In This Article Expand or collapse the "in this article" section Disability

  • Introduction
  • General Overviews
  • Anthologies
  • Textbooks
  • Reference Works
  • Bibliographies
  • Journals
  • Magazines
  • Film Festivals
  • Film, Arts, and Literature Studies
  • Film and General Media Studies
  • Film and Interactive Media Studies
  • Genres
  • Individual Productions
  • Specific Disabling Circumstances
  • Disability and Other Identity Factors
  • Disabled Veterans
  • Legal and Bioethical Issues
  • Freakery
  • Pedagogy
  • Behind-the-Scenes Studies

Cinema and Media Studies Disability
Martin Norden
  • LAST REVIEWED: 13 January 2014
  • LAST MODIFIED: 13 January 2014
  • DOI: 10.1093/obo/9780199791286-0078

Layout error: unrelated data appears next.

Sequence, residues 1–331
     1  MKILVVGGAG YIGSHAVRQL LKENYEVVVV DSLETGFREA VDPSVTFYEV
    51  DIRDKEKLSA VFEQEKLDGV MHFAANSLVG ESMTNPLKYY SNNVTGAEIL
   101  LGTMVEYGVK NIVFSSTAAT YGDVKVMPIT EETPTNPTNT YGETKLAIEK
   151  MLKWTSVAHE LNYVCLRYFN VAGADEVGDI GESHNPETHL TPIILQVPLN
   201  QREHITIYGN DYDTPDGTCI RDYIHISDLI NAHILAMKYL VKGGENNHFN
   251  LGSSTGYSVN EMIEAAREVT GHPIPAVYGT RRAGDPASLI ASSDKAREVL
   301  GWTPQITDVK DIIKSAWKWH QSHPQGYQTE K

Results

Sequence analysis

The study of moving-image representations of persons with disabilities (PWDs) is a young and vibrant subset of cinema and media studies, itself a relatively youthful field. The vast majority of books and articles on the subject were published in the 1990s or later and reflect a growing awareness of—indeed, hinge on the concept of—disability as a social construct. The research into film and disability is inextricably connected to the development of another interdisciplinary field of inquiry: disability studies, which emerged from the disability rights activism of the 1960s and 1970s and a desire to address concerns about ableist prejudice, discrimination, and indifference. Inspired to some extent by the developing fields of women’s studies and various minority studies (e.g., African American, Native American, queer), disability studies was hindered in its growth by the decades-long dominance of a certain way of thinking about disability called the medical model: the widespread, retrograde belief that disability is primarily a pathological problem to be overcome, not a socially constructed identity factor. With the establishment of the Society for Disability Studies in 1982, the passage of the Americans with Disabilities Act in 1990, and other key developments, however, the field matured significantly. University-level courses and scholarly journals dedicated to disability studies slowly but steadily increased across the United States, the United Kingdom, and other countries during this time. The field reached a milestone in 1993 when the University of Puerto Rico at Mayagüez hosted the first scholarly conference devoted to disability studies in the arts and humanities, and it arrived at another in 1998 when the University of Illinois at Chicago established the first PhD program in disability studies in the United States. The earliest studies that examined the construction of disability in moving-image media were quantitative in nature and published in old-line medical-model journals. They were largely the output of a particularly industrious scholar named E. Keith Byrd. Alone or, more often, in collaboration with a colleague, Byrd published a series of such studies during the late 1970s and 1980s. Bearing such titles as “Feature Films and Disability” and “Disability in Full-Length Feature Films” and appearing in such journals as Journal of Rehabilitation, International Journal of Rehabilitation Research, and Rehabilitation Literature, Byrd’s articles tended to be brief, numbers-heavy, and laced with less-than-telling insights. (Among the observations in one such study were “that the film industry does utilize a variety of disabilities in its dramatizations” and “that disability is not totally ignored by the film industry.”) His efforts marked a start, however, and the following studies pick up where Byrd’s work leaves off.